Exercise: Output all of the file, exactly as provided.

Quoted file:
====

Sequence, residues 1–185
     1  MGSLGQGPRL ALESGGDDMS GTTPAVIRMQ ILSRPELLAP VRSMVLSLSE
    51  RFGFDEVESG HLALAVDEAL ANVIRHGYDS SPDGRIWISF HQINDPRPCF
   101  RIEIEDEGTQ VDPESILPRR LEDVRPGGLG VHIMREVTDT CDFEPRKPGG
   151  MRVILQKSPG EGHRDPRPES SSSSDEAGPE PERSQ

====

Sequence, residues 1–185
     1  MGSLGQGPRL ALESGGDDMS GTTPAVIRMQ ILSRPELLAP VRSMVLSLSE
    51  RFGFDEVESG HLALAVDEAL ANVIRHGYDS SPDGRIWISF HQINDPRPCF
   101  RIEIEDEGTQ VDPESILPRR LEDVRPGGLG VHIMREVTDT CDFEPRKPGG
   151  MRVILQKSPG EGHRDPRPES SSSSDEAGPE PERSQ